For example, if you sell shoes on the Internet, you want to spend money and time on developing easier checkout, faster delivery, removing barriers to purchase, running a/b tests on marketing/language/features, etc. Building a highly scalable, fast, reliable CI/CD PaaS doesn’t directly help you do any of these things, but it does help you do whatever it is you do faster, safer and more reliably. All things being equal “Speed Wins”. Being faster than your competitors is a strategic advantage. So what’s a company to do?
When deciding on Build vs Buy the upfront costs and time of these projects, while difficult to calculate exactly, are understood as important in the decision making process. One can expect to spend 25-50% of the cost of development of your internal platform in maintenance once is up and running. The other thing many people forget to include in their decision making process is evolving the product. As new technology comes out, will you allow your internal tool to age and atrophy? You can't afford to let it wither on the vine, but funding it will always compete with your core business objectives.
These two factors (maintenance and updates) will become your largest expenditures on a project like this after 2-3 years if you are doing it well. So, if it costs $500k to build your internal PaaS, expect to spend at least that much over 2-3 years on maintenance and evolving the platform, or risk having it become obsolete. If your internal PaaS lives for 10 years all these expenditures add up and not just in money but opportunity cost as well.
GOAL: Release new functionality, features and products
hundreds of times a week vs once a week.This company decided to build an internal PaaS with an eye towards 100% automated testing, automatic creation of production-like environments on every pull request, and fast and easy automated deployment to production. While ultimately successful it took 10 dedicated resources 18 months to get the basic functionality working. When it was all said and done it was a $4-$5 million dollar project that didn’t bear the fruit of faster more reliable deployments for 18 months. A dedicated team of 7 engineers maintains (> $1 Million) and evolves the platform, but even with that it’s fallen behind by not adapting to new technologies fast enough. They are now stuck with this thing from now until...well forever.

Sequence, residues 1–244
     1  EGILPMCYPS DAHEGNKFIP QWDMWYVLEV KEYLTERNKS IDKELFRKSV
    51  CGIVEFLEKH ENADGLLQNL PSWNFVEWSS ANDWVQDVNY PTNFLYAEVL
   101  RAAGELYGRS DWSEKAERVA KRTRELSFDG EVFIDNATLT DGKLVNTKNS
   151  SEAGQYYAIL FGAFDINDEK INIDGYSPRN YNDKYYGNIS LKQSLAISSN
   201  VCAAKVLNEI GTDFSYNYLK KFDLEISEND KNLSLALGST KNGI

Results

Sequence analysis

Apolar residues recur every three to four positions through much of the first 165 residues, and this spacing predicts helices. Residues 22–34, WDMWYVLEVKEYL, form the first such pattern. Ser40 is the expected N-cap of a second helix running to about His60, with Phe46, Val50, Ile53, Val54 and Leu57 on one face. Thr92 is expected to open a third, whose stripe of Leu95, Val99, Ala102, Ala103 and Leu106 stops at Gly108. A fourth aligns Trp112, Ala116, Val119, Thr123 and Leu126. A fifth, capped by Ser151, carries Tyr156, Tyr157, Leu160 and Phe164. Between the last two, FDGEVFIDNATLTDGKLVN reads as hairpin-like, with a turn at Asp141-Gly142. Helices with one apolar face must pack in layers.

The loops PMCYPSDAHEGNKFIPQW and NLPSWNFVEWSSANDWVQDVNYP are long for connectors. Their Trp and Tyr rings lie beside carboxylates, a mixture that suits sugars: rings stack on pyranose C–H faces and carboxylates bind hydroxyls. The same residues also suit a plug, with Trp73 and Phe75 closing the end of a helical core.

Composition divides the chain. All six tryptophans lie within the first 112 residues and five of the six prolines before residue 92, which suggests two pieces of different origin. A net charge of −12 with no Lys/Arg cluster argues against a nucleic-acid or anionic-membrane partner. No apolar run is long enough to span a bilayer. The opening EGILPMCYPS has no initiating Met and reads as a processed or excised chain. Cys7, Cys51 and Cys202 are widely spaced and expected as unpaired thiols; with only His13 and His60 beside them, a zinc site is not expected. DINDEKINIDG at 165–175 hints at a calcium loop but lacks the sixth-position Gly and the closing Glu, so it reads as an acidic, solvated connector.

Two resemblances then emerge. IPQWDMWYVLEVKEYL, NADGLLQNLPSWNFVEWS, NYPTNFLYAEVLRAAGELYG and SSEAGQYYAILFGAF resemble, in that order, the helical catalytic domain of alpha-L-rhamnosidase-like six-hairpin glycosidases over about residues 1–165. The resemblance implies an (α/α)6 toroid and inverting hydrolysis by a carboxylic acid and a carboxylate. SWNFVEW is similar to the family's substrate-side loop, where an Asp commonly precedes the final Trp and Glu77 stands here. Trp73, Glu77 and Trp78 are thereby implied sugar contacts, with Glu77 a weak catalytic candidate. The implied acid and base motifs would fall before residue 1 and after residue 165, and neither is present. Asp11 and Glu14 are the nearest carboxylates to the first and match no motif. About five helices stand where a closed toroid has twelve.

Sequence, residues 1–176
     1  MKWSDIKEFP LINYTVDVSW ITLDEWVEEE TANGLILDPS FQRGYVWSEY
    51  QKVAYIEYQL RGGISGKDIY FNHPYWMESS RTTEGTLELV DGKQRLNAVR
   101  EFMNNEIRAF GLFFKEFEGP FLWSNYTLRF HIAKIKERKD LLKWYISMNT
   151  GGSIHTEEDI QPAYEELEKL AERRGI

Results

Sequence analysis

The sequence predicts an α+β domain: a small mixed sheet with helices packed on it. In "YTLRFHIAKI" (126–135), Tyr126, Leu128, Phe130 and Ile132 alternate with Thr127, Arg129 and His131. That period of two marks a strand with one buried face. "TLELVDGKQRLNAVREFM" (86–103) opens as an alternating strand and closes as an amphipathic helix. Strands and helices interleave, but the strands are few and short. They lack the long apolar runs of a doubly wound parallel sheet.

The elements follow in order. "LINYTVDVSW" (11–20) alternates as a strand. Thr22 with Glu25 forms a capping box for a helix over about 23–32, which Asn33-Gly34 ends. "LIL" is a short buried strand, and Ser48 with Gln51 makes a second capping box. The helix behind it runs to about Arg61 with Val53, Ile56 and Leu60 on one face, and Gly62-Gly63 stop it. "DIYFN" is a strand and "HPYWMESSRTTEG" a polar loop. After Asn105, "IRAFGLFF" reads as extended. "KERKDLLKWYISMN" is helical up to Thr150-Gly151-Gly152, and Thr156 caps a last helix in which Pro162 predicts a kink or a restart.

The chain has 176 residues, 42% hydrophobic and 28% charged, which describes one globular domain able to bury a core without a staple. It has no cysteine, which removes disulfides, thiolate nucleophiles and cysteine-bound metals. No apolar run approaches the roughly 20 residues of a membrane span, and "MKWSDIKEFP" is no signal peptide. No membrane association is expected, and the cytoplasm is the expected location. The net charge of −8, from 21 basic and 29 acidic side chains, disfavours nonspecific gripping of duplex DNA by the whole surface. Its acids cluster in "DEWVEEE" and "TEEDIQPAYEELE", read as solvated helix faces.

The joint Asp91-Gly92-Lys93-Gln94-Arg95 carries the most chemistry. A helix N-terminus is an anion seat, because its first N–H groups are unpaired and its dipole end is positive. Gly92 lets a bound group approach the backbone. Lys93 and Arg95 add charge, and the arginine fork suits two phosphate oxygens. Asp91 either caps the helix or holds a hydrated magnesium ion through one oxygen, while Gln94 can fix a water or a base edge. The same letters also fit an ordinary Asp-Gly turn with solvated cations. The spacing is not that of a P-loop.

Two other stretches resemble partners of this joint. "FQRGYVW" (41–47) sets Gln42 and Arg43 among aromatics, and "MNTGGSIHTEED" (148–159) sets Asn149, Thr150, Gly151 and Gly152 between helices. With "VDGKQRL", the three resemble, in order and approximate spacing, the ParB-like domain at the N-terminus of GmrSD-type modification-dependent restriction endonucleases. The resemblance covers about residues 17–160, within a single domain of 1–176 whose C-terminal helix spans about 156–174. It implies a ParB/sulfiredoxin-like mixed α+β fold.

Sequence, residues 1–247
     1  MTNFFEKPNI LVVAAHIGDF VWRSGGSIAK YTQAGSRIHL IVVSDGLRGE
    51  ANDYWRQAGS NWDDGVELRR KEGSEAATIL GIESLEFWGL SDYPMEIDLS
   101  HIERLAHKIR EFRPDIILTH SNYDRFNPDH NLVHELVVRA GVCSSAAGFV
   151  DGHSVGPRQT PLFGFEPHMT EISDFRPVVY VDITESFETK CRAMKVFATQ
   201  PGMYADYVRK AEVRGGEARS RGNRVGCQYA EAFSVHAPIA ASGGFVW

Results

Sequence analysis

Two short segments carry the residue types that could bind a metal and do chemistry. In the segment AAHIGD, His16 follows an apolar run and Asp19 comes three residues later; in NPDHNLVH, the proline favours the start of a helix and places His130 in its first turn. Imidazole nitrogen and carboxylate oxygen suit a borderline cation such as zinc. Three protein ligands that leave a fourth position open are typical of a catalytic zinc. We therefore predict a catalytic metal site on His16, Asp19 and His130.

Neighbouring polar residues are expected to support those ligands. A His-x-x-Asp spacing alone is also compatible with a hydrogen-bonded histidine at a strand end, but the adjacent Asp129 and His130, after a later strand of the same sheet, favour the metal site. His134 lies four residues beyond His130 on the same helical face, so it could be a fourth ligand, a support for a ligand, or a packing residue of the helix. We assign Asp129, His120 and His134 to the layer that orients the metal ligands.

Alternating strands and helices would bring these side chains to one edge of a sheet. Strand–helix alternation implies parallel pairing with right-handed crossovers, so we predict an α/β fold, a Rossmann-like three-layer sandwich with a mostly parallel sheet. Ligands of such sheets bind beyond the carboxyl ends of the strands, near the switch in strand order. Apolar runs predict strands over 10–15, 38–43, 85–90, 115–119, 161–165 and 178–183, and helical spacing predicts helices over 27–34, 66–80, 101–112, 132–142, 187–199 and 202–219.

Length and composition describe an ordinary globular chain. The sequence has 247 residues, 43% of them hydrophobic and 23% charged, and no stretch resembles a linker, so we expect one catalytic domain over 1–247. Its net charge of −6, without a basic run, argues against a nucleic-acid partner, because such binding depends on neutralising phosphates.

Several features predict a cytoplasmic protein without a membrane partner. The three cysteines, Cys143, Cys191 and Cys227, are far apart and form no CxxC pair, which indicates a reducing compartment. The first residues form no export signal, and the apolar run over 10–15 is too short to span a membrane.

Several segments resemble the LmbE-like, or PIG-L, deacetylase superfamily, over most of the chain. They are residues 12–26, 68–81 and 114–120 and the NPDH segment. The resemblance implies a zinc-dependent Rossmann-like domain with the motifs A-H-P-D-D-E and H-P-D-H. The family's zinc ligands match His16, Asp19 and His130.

GOAL: Leave Heroku and unify development/staging environment process and production
This company was using Heroku for the “Review App” feature (ephemeral staging environments created when a pull request is opened, and removed when a pull request is closed) and the fact they needed little devops experience to get it working. But, as their app became more complicated, working around Heroku’s limitations became a large burden. Review apps were so important to them they bifurcated their developer experience and deployments by implementing production on ECS in AWS and not on Heroku. This isn’t ideal because of cost and the fact that staging/development can never look like production.
They were able to replace Heroku and much of their CircleCI pipeline with Release and in a couple of weeks while retaining “Review App” functionality. All of this was done with a decrease in overall spend, no weird work-arounds, and resulted in extra functionality that their internal PaaS would never possess. Release supports complicated apps and ease of auto-scaling, blue-green deploys, adding new services out-of-the box. They realized trying to keep pace with Release was not something they could afford to do.
While there are many great open source tools and toolkits to help you build an internal PaaS, it’s not for the faint of heart or people concerned with their pocketbook and time. When you factor in needing specialized resources, an internal PaaS is orthogonal to your core business, cost and time required, it rarely makes sense to build a tool like this. The total cost of ownership (TCO) on an internal product like this is massive when you take into account building, maintaining, and constantly evolving it to keep up with modern web, app, and AI applications. What is clear though, is a system that allows you to release as fast as your developers can code gives you a massive advantage over your competitors. The big guys put hundreds of engineers on their internal PaaS for a reason!
Release takes your already functioning standard development environments based on Docker and seamlessly and effortlessly runs them in the cloud. It allows you to have environments ready in seconds based on your developer workflows. It allows you to customize all aspects of your development, staging, performance testing, and any other kind of environments you can imagine. It can handle the simplest of applications to the most advanced, all the way to production. Stop futzing around with IAM roles, k8s, configuration of ALBs, dynamic url creation, adding new services for developers, and get back to building the best version of your company!